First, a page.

Hey, within this lecture, we're going to try and see if the codes that we have written so far, is working right now, because we have written so much code and we have created most of the functions. Obviously, we need to change the UITableViewCell from here, and we need to take care of the details, but I just want to know if all this code works or not. So, what we need to do, we need to make sure that everything is working and in order to do that, I'm just going to go ahead and change the background of the ViewController and then make sure that everything is connected with each other. What I mean that I'm just going to change the background color to something like yellow, .yellow. And if I run this in a simulator, if I see the yellow color, then it's okay. But I cannot run it right now, why? Because we haven't taken care of the router yet. Since we haven't taken care of the router yet, we don't have the view interactor and presenter connected with each other because we have written all them in the protocols and we have all written them in the classes as well, but we haven't assigned a value to them, right? They do not have any kind of values assigned to them, yet. Here you go, you cannot see them. So, how do we do that? And why didn't we do it yet? Because we have to do it inside of the router. That is the main job of the router and before we have come to this far, I said that you're going to understand it in a much better way once we have completed the view of the interactor and the presenter and come back here, and that's exactly what's going to happen, right now. I'm just going to create a view over here, this will be a CryptoViewController, so I'm going to create the instances of the view presenter and the interactor as well, and I'm just going to connect them with each other, so this will be an interactor each other. So, this will be an AnyInteractor and this will be a CryptoInteractor, here you go. Now, what we need to do, we need to assign the views, for example, view.presenter's value. Now, view.presenter will be the presenter, right? Now, if I come down here, I can just say presenter.view is going to be a view. presenter.router will be the router. presenter.interactor will be the interactor and finally, interactor.presenter will be the presenter. Here you go. Now, everything is connected with each other. What we have said, we said that router will orchestrate the whole thing, and that is exactly what we are doing over here, okay? And also, we're going to have to take care of this entry point, as well. We have taken care of the orchestration but we have to create an entry point. In order to do that, I'm just going to call this entry and yep, let's see. We can say this is going to be a UIViewController, and also, this will be an AnyView, right? So, we can write it like this, or maybe with an & in between, like this. So, this can work but actually, it's a much better idea to do this with typealiases. So, let me show you what I mean. This is going to be a get and if we write this, obviously, we need to confirm this and write it inside of the class, as well. But since I haven't made them optional this will give me an error. If I want to make them optional, then I have to come to the protocol and change them, one by one. Because if I leave this option, this will give me an error. But if I make those optional, then we're going to get an error inside of the protocol, as well. So, this is getting a little bit interesting as you can see, we cannot do that. So, rather than that I'm just going to create a typealias. So, this will be an EntryPoint and our EntryPoint will be in AnyView but also a UIViewController. If I do that, x code will understand each time it sees the entry point, it will think of AnyView and UIViewController. It means that. So, rather than doing this, I can just come over here and say, this is an EntryPoint. And I can make this optional, and there won't be any kind of repercussions. And obviously, I can just change it to be an EntryPoint optional here, again. So, why did I do that? Because I can come over here and say, router.entry is equal to the view itself. So, I can make the EntryPoint, the entry UIViewController, my own will. And if it gives you an error, you can just cast it as an EntryPoint, because I know that our CryptoViewController is also an AnyView and also a UIViewController, as well. Now, since I did that, it's great but I have to go into the SceneDelegate and make the necessary changes in the SceneDelegate, as well. Because right now, we have deleted the main storyboard and this doesn't even know where to begin with. If I can connect this with the router, then everything will be okay. Now, as you can see it creates a window scene over here, but we don't use it generally, but if we want to use it, let's see how it's done. I'm going to call this routerInstance and I'm just going to, instantiate the router by saying that CryptoRouter.startExecution and that's why we have created this function aesthetic function, and I can just call this initialViewController, and this will be the routerInstance.entry. Here you go. Now, we have reached the ViewController. Now, all I got to do, make sure that this ViewController is going to be the first one in the window. Now, I'm going to create a window over here from the scene, and the scene is created here for us, but I'm going to call this windowScene because it doesn't have any kind of variable name. Now, this will drive from the window scene. And then later on, I can just assign this inside of the window by saying that rootViewController, which means that the first ViewController to be displayed. Here we go, that's all about it. window.rootViewController is the initialViewController we got from the router. So, after that, obviously, we need to connect our window with the current window over here. So, I'm just going to say self.window = window and window.makeKeyAndVisible. Here you go, that will show them. Okay, so we have created the window. We have made the rootViewController, our rootViewController, our initialViewController that we got from the routerInstance, and I believe we have connected everything inside of the router, as well. Now, this is getting the thing from the view and the view is the CryptoViewController that we have created before. Now, let's run this inside of a simulator. And if we see the yellow background, then everything will be okay, right? If we see the yellow background, everything will be okay. Now, if we see it then we're just going to update the functions, and tada. Now, we're going to have to wait and see. So, let me open my simulator, I believe it's not up and running, yet. Let's wait a little bit and see if this is going to work and here you go, it's working. We have seen the yellow background and also, we have seen the downloading sign, downloading message label, as well. Great, of course it's not downloading yet, because we haven't triggered the download function in any way, okay? And also, we have to take care of these update functions, as well. Now, this update functions here, so I have put a breakpoint by mistake, let me delete it, but it's not triggered. Even if we trigger it, we don't even have a UITablViewCell, yet. But we need to trigger this downloadCryptos at one point. Let's take care of everything in the next lecture and make sure everything works together, and finish this application together.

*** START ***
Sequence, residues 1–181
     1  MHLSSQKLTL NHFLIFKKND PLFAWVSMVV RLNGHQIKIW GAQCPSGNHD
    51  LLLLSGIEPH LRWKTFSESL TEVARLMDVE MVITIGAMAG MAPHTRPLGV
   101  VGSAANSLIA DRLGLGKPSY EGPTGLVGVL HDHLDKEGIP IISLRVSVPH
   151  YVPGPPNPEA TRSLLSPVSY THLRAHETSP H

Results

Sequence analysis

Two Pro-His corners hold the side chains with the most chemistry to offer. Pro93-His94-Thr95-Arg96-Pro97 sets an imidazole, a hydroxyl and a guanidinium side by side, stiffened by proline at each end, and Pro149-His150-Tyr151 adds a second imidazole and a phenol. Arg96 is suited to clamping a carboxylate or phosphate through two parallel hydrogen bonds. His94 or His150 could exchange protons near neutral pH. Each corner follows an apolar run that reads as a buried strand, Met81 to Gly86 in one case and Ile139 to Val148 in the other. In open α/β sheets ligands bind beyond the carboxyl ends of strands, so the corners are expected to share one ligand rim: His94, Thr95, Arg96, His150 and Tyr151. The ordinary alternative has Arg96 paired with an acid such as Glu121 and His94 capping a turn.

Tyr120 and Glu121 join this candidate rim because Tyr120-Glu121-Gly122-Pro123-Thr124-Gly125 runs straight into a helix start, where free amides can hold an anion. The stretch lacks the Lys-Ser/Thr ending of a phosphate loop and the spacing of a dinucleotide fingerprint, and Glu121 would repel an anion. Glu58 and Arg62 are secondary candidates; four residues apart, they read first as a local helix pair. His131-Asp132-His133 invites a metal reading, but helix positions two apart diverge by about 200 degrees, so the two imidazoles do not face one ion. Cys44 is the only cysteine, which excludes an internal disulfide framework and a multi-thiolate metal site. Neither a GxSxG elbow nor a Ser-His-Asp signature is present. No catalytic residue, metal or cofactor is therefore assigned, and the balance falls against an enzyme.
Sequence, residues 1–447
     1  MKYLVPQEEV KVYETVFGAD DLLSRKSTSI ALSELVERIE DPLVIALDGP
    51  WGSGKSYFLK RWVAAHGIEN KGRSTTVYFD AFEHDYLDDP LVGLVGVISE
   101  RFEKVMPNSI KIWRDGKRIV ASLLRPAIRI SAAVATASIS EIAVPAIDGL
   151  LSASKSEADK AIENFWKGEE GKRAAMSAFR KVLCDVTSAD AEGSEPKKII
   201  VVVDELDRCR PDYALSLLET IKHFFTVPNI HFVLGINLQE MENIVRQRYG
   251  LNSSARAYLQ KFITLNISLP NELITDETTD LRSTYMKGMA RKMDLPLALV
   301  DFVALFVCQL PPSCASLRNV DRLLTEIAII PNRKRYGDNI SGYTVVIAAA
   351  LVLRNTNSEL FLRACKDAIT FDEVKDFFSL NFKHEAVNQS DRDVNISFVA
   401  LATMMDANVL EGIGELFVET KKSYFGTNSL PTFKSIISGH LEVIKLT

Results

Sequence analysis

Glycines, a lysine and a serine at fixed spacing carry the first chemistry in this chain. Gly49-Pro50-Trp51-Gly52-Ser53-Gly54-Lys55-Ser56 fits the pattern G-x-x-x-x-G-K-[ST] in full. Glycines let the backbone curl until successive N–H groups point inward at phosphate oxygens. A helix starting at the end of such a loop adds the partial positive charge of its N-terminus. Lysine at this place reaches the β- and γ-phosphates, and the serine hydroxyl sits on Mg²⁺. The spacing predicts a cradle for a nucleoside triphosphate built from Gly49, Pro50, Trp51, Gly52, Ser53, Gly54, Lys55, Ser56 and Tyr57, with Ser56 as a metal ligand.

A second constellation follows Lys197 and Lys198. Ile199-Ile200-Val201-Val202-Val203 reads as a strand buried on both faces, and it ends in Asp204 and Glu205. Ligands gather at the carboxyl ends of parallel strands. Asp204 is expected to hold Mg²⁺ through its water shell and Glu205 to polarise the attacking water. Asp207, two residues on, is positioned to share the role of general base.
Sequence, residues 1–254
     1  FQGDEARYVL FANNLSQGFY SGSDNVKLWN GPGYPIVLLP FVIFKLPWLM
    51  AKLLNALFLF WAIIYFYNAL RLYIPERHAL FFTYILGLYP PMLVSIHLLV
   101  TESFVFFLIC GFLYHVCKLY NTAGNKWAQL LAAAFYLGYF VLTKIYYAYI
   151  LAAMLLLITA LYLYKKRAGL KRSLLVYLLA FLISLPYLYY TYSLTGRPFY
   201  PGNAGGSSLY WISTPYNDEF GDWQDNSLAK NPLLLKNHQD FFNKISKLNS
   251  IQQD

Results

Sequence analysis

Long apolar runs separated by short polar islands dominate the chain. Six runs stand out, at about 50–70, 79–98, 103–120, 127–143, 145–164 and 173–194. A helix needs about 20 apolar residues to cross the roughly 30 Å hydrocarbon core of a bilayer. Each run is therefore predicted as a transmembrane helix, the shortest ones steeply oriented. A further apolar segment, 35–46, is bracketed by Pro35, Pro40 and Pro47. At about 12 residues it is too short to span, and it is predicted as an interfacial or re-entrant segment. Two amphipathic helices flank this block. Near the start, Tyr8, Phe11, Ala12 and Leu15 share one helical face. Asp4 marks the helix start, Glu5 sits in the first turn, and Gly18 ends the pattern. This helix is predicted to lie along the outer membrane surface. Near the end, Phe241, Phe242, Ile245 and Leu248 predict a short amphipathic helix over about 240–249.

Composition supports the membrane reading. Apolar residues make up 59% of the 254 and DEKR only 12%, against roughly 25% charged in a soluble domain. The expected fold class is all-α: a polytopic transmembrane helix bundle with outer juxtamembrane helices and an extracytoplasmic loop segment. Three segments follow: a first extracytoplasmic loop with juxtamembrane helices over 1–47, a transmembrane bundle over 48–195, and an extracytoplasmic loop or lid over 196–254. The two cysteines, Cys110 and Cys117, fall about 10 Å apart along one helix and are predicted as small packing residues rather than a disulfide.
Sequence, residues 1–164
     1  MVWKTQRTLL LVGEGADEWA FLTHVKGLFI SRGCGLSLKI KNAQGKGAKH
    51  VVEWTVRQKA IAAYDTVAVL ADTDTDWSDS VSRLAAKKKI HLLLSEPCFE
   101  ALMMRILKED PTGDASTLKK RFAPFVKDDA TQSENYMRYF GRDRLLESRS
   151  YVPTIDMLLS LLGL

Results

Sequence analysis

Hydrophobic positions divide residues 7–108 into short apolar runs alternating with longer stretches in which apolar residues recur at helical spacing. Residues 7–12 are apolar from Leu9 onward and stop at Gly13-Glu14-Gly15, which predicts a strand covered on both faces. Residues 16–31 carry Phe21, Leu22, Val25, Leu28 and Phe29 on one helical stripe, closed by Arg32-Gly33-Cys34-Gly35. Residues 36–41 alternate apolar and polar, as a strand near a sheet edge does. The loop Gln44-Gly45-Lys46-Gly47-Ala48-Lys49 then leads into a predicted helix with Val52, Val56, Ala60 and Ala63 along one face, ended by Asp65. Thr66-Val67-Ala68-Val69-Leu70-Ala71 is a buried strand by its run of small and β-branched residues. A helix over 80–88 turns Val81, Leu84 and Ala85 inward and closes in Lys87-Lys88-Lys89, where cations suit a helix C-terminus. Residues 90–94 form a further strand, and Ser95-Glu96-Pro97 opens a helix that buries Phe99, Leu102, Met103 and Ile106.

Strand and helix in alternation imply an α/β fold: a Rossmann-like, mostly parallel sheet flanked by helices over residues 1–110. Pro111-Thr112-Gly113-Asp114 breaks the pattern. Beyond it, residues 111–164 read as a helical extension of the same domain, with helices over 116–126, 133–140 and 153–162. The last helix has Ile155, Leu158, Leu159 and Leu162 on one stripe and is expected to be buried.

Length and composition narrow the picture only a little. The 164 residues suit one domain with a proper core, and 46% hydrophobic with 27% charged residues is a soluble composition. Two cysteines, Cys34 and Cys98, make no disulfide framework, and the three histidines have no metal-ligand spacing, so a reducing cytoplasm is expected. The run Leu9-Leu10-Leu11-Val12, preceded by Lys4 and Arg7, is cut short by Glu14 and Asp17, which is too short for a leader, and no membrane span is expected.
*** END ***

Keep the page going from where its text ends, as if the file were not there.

Atil is an instructor at Bogazici University, where he graduated back in 2010. He is also co-founder of Academy Club, which provides training, and Pera Games, which operates in the mobile gaming industry.